The 2012 Taiwan International Lighting Show. (File photo/China Times)
Taiwan's legislators on Friday revised the Trade Secrets Act to give steeper punishments to those who obtain, use or leak trade secrets by illegal means.
The revised law adds criminal responsibility and raises fines significantly. Previously, those who leak trade secrets were punished under the Criminal Code, but the imprisonment terms and fines were insignificant.
The revision came as Taiwan is increasingly concerned about trade secrets being leaked to rival companies in China, including through the aggressive recruitment of its talent by Chinese competitors.
Under the revised law, those who infringe upon trade secrets will be slapped with up to five years imprisonment and could also face fines between NT$1 million and NT$10 million (US$34,000-$340,000). If the illegal gains of the violators surpass the maximum fines, they could be increased by up to three times.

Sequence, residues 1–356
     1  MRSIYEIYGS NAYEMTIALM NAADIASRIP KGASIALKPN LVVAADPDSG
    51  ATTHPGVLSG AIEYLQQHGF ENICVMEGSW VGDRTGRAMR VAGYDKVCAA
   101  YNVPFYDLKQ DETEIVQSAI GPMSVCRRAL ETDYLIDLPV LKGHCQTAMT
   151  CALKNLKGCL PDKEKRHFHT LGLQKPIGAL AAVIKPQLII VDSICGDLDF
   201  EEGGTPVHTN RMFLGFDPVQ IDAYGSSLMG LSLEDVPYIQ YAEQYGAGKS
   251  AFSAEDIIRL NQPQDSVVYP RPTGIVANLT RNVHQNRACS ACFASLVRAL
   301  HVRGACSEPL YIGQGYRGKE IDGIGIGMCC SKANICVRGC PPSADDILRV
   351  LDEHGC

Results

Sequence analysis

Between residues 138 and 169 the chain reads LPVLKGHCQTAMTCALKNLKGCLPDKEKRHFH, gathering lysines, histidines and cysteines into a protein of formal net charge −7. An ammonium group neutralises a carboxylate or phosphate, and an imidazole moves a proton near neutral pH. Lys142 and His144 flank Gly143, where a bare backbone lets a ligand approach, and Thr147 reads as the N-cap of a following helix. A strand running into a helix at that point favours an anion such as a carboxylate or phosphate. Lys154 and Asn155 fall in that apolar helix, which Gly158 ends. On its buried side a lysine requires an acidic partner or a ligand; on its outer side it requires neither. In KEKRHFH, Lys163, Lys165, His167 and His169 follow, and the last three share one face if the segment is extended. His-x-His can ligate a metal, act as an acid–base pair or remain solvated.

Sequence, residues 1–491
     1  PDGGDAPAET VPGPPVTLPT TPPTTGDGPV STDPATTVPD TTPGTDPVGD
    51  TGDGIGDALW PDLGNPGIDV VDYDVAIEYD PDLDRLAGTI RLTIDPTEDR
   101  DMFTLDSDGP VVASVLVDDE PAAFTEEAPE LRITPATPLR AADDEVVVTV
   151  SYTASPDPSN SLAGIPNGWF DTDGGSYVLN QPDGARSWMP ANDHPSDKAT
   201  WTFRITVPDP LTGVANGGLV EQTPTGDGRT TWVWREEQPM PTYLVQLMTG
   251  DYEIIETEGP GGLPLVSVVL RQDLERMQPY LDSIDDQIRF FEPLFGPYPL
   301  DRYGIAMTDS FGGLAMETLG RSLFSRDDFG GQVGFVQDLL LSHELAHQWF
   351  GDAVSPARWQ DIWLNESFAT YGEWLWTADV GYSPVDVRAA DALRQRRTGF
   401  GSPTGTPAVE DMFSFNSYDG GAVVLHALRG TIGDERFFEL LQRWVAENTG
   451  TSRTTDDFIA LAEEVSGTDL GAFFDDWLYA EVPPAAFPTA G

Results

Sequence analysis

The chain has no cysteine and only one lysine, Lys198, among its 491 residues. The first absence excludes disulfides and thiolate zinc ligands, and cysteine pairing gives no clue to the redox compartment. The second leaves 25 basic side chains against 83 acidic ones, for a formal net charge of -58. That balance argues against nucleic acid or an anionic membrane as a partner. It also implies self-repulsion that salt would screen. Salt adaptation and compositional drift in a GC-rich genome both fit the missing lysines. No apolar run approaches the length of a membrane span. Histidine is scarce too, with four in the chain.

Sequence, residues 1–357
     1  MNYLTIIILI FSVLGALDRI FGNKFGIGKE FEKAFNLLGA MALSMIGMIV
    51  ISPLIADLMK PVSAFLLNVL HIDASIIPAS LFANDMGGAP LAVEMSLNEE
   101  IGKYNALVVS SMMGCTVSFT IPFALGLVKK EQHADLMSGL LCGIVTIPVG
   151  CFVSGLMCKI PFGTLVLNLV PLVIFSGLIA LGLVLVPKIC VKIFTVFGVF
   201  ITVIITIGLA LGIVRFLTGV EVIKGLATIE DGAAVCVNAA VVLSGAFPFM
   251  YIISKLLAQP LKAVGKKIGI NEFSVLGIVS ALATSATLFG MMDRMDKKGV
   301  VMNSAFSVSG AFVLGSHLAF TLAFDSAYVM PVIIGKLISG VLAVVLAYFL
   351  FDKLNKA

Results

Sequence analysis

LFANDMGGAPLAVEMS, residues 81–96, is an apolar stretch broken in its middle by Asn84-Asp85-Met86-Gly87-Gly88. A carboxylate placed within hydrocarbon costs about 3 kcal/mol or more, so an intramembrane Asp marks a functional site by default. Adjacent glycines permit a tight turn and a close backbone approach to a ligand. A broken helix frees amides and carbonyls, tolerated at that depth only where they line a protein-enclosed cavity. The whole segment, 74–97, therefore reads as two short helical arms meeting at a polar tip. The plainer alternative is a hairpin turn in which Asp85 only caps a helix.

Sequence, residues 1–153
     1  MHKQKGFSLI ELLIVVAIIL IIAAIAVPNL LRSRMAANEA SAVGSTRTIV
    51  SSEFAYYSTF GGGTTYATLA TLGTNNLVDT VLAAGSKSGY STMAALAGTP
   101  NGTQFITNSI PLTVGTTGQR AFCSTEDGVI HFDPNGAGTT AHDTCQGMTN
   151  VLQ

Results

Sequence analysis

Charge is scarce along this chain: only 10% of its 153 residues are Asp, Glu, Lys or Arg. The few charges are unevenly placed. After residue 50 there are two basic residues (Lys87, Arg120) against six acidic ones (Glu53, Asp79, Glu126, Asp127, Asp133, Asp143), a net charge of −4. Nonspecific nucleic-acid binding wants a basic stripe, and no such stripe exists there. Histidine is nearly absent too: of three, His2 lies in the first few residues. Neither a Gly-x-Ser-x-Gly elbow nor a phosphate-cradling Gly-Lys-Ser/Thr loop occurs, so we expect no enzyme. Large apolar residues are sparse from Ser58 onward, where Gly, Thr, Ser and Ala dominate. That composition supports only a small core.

In addition, for those who steal trade secrets with the intention of using them outside of Taiwan, the punishment will be even more severe, according to the revised act.
They will be subject to one year to 10 years imprisonment, as well as fines ranging from NT$3 million to NT$50 million (US$100,000-$1.7m).
If the violators' illegal gains surpass the maximum fines, they could be fined between two to 10 times of their illegal gains.
The revision was welcomed by major firms in Taiwan. Taiwan Semiconductor Manufacturing Corp (TSMC), the world's largest contract chipmaker, said that it is glad to see more protection of trade secrets.
Hon Hai Precision Industry (Foxconn), the world's largest contract electronics manufacturer, said that the law revision will serve as a deterrent and it hoped it could achieve substantive results in protecting enterprises.
Hon Hai chairman Terry Gou has previously said that the government's protection of intellectual property rights and patents have not been comprehensive, and that punishment has been too light. In addition to patent protection, there should also be rigorous regulations on luring talent from enterprises, Gou said.
Au Optronics Corp (AUO), one of the world's flat panel suppliers, which last year accused two former R&D executives of leaking trade secrets to competitor China Star Optoelectronics Technology, said that the revision of the law could help upgrade the industrial competitive edge.